Found in 1 comment on Hacker News
danShumway · 2021-10-15 · Original thread
As someone with ADHD, this sets off some (okay, many) red flags for me.

Some thoughts:

- Patient intake for ADHD is genuinely awful, you're right about that. The diagnostic/treatment process for ADHD often feels like it's designed to make people with ADHD struggle.

- CBT is generally helpful, therapy is an important part of treatment. I've seen good results from it.

- in-person sessions are expensive (although if you have good insurance you shouldn't be hitting $200-300 a session).

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However:

- Non-personalized CBT may not be as helpful. One thing I've learned working with my therapist is that a lot of behaviors I thought were universal aren't, even among people with ADHD. We spend a lot of time breaking down what my motivators are, what things I struggle with, and we spend a lot of time brainstorming coping mechanisms and exercises that will work specifically for me. There is no single technique to deal with all of this, and you really need to have some way of narrowing in on what type of ADHD you have and what other conditions (anxiety, autism, etc) might complicate it.

- "5 minutes a day" is not really CBT to me. CBT is work, and I'm immediately skeptical of any app that tells me I'm just going to do some quick daily exercises and it'll change my life. Therapy doesn't work that way in my experience.

- I'll also note that the reason that the average cost of a CBT session is so high is because it's a personalized, one-on-one session that can last as long as an hour. So I feel even more that the comparisons being made here to traditional therapy aren't very apt.

- A self-directed routine that isn't being done with a real person kind of misses the point that people with ADHD often have trouble forming and sticking to routines. "You just need to do X every day and be mindful" isn't good advice for someone with ADHD, the whole point of CBT is to teach you how to do that stuff. But in this case, being able to stick to a consistent routine feels like a pre-condition to using the app.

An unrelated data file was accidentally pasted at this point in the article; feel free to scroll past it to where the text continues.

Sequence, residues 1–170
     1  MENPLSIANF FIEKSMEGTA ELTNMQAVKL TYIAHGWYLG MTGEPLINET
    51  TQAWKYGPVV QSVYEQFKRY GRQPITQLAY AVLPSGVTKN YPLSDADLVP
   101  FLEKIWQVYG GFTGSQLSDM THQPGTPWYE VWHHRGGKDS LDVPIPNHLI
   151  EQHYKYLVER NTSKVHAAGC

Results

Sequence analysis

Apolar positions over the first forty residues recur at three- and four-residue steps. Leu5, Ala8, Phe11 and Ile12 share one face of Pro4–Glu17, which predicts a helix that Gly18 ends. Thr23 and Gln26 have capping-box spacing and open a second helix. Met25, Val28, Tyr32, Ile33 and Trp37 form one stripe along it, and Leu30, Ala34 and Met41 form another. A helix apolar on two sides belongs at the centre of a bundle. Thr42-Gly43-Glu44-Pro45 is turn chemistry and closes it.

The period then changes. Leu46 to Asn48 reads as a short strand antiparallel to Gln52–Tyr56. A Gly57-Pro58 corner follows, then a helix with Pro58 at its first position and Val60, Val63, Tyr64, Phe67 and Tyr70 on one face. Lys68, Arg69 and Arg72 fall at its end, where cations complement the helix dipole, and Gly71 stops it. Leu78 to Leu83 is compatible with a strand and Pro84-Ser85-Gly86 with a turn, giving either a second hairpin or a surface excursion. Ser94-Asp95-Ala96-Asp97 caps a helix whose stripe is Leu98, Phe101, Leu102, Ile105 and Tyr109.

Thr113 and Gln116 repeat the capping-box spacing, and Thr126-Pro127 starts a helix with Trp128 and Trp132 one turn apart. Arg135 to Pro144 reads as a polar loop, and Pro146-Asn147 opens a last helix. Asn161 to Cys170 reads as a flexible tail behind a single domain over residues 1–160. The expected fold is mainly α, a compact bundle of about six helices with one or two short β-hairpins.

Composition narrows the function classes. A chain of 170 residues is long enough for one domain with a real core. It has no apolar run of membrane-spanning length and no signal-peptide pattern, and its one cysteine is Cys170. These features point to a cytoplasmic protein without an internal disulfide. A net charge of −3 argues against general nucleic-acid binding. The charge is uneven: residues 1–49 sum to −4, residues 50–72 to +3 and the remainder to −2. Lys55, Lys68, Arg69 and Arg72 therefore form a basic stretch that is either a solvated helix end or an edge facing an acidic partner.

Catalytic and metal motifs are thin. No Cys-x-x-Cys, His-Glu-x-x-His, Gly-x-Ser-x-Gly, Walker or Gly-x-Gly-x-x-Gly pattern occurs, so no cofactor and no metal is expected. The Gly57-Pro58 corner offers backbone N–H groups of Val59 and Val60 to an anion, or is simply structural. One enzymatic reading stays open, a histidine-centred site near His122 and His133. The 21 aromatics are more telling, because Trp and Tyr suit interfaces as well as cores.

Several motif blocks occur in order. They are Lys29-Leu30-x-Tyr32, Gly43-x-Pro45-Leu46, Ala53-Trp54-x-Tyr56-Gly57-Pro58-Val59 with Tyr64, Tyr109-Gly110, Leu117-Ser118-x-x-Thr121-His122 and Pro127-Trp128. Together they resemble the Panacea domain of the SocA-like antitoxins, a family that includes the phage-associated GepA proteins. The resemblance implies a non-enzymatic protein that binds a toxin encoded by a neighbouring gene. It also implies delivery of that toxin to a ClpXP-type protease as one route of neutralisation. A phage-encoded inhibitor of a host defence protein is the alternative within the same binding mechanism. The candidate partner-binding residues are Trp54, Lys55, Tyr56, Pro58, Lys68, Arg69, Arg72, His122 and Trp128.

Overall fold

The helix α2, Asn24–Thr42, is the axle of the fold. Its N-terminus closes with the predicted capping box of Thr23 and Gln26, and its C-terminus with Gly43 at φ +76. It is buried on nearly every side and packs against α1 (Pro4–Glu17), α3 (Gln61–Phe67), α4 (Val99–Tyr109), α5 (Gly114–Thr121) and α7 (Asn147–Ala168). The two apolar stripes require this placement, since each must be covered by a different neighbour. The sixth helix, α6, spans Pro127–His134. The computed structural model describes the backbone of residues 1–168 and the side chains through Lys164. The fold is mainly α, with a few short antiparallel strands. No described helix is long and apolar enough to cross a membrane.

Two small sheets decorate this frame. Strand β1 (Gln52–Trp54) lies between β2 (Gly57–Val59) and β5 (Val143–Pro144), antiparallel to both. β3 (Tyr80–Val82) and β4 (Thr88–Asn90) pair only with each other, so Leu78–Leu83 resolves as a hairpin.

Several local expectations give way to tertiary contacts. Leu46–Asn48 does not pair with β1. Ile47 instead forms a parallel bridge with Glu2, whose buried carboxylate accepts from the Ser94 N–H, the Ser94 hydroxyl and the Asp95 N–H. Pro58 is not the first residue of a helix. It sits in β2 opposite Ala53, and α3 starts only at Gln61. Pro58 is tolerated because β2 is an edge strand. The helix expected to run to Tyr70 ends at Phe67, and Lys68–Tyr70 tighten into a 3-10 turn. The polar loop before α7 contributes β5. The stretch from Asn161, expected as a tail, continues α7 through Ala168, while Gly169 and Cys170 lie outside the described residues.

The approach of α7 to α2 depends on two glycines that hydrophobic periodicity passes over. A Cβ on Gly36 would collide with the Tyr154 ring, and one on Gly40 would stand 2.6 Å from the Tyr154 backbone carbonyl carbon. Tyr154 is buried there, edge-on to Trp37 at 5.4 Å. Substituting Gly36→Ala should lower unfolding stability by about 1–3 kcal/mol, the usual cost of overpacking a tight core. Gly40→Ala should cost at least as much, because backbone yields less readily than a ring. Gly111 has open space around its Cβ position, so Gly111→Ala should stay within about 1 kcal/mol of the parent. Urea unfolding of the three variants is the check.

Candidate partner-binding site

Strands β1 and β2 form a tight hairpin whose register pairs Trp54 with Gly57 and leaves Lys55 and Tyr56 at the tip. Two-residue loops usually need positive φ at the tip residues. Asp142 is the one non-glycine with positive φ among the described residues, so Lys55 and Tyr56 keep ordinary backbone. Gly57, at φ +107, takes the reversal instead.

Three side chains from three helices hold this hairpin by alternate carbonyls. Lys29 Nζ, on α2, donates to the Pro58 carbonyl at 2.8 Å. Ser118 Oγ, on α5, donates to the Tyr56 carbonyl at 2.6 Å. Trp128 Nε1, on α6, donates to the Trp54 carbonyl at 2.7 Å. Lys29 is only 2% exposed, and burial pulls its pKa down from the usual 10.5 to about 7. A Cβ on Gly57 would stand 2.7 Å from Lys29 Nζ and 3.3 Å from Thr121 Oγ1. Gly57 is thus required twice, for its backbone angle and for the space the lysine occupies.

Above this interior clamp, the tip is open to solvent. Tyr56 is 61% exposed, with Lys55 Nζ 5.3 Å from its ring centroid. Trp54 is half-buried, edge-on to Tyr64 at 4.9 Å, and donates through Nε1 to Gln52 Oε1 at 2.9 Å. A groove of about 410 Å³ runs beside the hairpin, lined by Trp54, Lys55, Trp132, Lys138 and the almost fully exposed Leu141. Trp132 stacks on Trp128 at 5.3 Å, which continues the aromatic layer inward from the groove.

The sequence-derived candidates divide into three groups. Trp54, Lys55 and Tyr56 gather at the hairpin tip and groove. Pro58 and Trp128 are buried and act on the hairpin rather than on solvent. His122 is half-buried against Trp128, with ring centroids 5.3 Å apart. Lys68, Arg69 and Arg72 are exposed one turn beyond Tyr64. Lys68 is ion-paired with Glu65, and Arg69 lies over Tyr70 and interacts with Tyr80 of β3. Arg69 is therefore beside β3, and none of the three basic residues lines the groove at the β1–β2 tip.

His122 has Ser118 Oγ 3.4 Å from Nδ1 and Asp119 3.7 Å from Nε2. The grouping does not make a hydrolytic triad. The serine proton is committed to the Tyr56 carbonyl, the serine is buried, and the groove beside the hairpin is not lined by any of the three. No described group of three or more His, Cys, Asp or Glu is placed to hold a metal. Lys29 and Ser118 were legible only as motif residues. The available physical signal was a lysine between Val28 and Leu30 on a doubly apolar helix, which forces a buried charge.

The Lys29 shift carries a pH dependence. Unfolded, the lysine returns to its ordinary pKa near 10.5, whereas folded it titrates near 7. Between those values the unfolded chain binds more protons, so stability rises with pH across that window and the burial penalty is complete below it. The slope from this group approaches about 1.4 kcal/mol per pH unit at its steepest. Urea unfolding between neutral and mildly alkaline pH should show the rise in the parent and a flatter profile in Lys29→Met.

- The app can't be used for diagnosis, and I really feel like diagnosis is important. Diagnosis, insurance coverage, and medication access are the reasons why the ADHD intake process is so complicated. Of course it could be better, but I don't feel like you can brag about circumventing the intake process if the way you're circumventing it is by skipping all of the hard parts that are of significant long-term value to people with ADHD.

- Medication is often used in combination with CBT, and I feel like it's irresponsible not to get into that or even mention it. The pitch makes it seem like CBT on its own is going to solve every problem, but for many people it won't. Therapy didn't work for me at all until I got on medication, and then suddenly I had the ability to start to utilize a lot of the techniques I was learning and to be more mindful throughout the day.

- Other people have brought up the pricing model, but I just want to reinforce that this feels predatory to me, it feels designed to capitalize on behaviors that people with ADHD struggle with.

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Getting more critical. From the FAQ:

> We are not trying to replace medication or in-person therapy.

This is not how you're phrasing your post on HN. If you're building a quick helper app so that people can do daily CBT exercises, then say that. I wouldn't be so critical of an app like that, I can see a lot of use for a Duolingo-style CBT exercise/reinforcement app.

But when you compare the price of your app to traditional therapy and intake, you are creating an implication that your app is a substitute for therapy or medication. And it's not, you need to be more upfront about that and you need to stop comparing your product and your product's pricing to normal medical treatment.

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With all of the above in mind, (to me) $100 a year feels too expensive for a 5 minute helper app that many people with ADHD won't have the ability to keep up with or stick to unless they're already getting therapy and/or medication.

If you do have ADHD, and you are feeling overwhelmed about the intake process, the best thing you can do is find someone without ADHD (a family member, a friend) who can help you through the process and diagnosis. It's difficult and time consuming, ask people you trust to help you fill in your gaps while you're figuring things out.

If you're interested in setting up your own CBT schedule and you think you have the ability to follow a consistent schedule, then buy a CBT book[0] and read through it and see if it's right for you. I am skeptical that self-help solutions will work long-term for the majority of people with ADHD, but at the very least you'll be able to get a little bit of an overview and figure out if CBT resonates. Heck, going off of the advice above, find a friend or a family member without ADHD who will go through the book with you and do the exercises alongside you. They won't be a licensed therapist, but they can help keep you on schedule and read off the page, and it's not like you're getting personalized one-on-one advice from this app.

[0]: I personally recommend https://www.amazon.com/Cognitive-Behavioral-Therapy-Adult-AD...

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